Law Panels & Streams

 
Date
Panels & Streams organized as part of the
16th Annual International Conference on Law, 15-18 July 2019, Athens, Greece
Abstract Submission Information
1
15-18 July 2019
Implementing Human Rights
Stream Leader:
Professor Assaf Meydani, Academic Member, ATINER & Dean of the School of Government and Society, The Academic College of Tel-Aviv–Yaffo, Israel.

The stream is designed to be a dynamic gathering of human rights and social justice activists, advocates, practitioners seeking to broaden our knowledge in understanding the process by which social issues become human rights issues for incorporation into legal standards; in identifying the factors influencing the interpretation of those standards; and in their compliance, implementation, and enforcement at the international and national levels.
Deadline: 3 June 2019
Abstract Submitting Form
2
15-18 July 2019
Water Law
Stream Leader:
Dr. Ronald Griffin, Academic Member, ATINER & Professor, Florida A&M University, USA.

The aim of the stream is to bring together academics and researchers form all areas of law related to water resources (International and National Water Law) such as: Water Rights and Allocations, Water Quality Law, Drainage Law, Water Conservation Order, Groundwater Law, etc.
Deadline: 3 June 2019
Abstract Submitting Form
3
15-18 July 2019
State and Law in the Interwar Period
Stream Leader:
Dr. Varga Norbert, Associate Professor, Faculty of Law, University of Szeged, Hungary.

The purpose of the interdisciplinary miniature stream is to introduce such legal institutions that have an effect on the development of the legal systems of different countries and are much in evidence in the contemporary legal reforms related to the foundation of the modern state and law in the interwar period. The combined examination of history and law can draw the attention of the legislators and legal historians of the 20th and 21st Century to the importance of such legal institutions which, if observed from the point of view of legal history, can assist modern codification. The historical legal institutions appearing in the law currently in effect, with the aid of a certain legal “restoration”, can help their understanding, however it does not simply require some sort of theoretical, dogmatic examination but also the analysis of the legal practice and the praxis. Due to the topic (State and Law in the Interwar Period) of the interdisciplinary stream, this may not only be interesting for people working in the field of law or legal history, but can also get the attention of historians and scientists and researchers working on other, various fields. Through the complex and comparative assessment of the different branches of law, we can come up with a general picture on the development and the role in contemporary legal development of each and every legal institution.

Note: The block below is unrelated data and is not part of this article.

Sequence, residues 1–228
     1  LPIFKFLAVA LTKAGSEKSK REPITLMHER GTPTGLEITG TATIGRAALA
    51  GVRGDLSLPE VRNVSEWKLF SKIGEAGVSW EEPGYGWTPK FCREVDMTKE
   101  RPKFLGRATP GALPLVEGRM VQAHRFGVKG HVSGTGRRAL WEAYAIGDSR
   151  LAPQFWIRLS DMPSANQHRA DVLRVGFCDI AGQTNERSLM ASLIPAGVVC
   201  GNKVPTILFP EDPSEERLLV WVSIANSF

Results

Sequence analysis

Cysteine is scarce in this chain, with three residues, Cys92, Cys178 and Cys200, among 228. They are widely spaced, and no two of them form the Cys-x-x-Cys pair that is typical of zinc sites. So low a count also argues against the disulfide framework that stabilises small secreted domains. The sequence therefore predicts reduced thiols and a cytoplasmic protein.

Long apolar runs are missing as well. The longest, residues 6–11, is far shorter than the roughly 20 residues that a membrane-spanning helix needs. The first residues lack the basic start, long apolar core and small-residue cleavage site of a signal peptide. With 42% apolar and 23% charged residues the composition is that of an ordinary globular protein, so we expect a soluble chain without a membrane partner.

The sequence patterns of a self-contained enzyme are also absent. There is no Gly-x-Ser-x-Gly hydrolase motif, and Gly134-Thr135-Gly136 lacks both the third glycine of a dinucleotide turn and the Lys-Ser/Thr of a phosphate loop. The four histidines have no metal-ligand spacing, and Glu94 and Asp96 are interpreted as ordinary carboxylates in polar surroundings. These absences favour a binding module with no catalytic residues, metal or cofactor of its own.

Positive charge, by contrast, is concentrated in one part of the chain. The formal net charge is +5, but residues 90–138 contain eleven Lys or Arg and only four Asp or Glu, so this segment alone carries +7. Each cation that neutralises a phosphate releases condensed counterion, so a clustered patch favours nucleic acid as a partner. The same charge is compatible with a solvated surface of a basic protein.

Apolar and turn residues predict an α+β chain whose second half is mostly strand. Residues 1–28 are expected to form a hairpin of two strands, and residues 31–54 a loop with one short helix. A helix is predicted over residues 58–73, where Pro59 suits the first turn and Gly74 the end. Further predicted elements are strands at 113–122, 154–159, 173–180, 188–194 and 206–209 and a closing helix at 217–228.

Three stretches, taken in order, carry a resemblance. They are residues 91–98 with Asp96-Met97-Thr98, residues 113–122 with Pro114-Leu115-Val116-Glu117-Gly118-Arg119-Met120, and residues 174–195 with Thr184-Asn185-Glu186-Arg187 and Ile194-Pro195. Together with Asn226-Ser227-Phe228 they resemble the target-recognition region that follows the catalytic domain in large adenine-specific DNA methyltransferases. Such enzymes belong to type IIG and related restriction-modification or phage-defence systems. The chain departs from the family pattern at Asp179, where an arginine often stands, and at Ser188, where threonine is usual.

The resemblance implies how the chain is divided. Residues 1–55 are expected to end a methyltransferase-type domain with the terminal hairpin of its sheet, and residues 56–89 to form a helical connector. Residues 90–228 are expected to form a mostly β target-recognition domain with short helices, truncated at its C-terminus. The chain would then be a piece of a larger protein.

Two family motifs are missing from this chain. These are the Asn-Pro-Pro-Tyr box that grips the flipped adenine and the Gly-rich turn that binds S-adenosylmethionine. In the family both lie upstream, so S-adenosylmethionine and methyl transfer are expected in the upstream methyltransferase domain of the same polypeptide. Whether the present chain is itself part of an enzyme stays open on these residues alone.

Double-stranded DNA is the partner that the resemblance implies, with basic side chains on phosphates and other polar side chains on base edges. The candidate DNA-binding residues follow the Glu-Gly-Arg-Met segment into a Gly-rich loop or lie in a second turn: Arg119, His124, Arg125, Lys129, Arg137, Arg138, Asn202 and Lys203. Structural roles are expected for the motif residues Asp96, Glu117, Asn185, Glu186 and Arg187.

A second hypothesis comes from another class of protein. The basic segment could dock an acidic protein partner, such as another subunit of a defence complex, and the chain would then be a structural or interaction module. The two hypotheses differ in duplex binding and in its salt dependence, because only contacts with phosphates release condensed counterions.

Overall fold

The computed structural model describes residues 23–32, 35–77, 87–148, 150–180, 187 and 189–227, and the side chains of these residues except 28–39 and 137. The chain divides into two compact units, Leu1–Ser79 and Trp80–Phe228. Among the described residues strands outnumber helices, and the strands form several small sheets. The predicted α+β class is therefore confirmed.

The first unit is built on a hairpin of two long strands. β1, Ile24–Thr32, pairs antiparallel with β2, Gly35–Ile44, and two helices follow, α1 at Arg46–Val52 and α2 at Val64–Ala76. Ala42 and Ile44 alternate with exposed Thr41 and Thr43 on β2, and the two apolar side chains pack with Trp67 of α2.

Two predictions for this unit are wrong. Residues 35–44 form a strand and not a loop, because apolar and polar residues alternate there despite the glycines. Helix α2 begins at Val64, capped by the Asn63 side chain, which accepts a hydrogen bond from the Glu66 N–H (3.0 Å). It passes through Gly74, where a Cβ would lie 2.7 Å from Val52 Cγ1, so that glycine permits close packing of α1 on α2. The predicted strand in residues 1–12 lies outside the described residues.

Deadline: 3 June 2019
Abstract Submitting Form
4
15-18 July 2019
Liability for Self-driving Vehicles
Stream Leader:
Dr. Natasa Tomic-Petrovic, Academic Member, ATINER & Associate Professor, Faculty of Transport and Traffic Engineering, University of Belgrade, Serbia.

t is considered that self-driving vehicles resistant to human errors will be the first great transport revolution of the 21st century. The greatest obstacle to self-driving vehicles is the legal frame. For instance, if the vehicle is not driven by a human being, then, in case of an accident, responsibility could burden the manufacturer of the self-driving operating system of the car. The issue of privacy protection of the owner is also important, because sensitive personal data contained in the system could be misused. Another important issue is the sociological dimension of the use of such vehicles.
Deadline: 3 June 2019
Abstract Submitting Form
5
15-18 July 2019
Law and Aesthetics: Bodies, Power and Sexuality
Stream Leader:
Dr. Anna Chronopoulou, Academic Member, ATINER & Senior Lecturer in Law, The University of Westminster, UK.

Much academic ink has been spilt over the relation between law and aesthetics. An aestheticized aspect of law focuses on the way in which subjectivities are constructed in the public domain. Many academic accounts from a number of disciplines have been concerned with this focus for a number of years. For instance, feminist accounts have always been concerned with issues of female subjectivities construction as up against the construction of male subjectivities. Issues of female sexuality have formed huge part of the construction of female identities and femininities. More recently, issues of race begin to provide a different perspective on the construction of female subjectivities. This stream examines the way in which femininities and masculinities are constructed, forged, formed and shaped through the dialectics of power and the dynamics of bodily representations. It puts forward a comparative approach in the way subjectivities are constructed on celluloid as opposed to the way that are constructed in the public domain.
Deadline: 3 June 2019
Abstract Submitting Form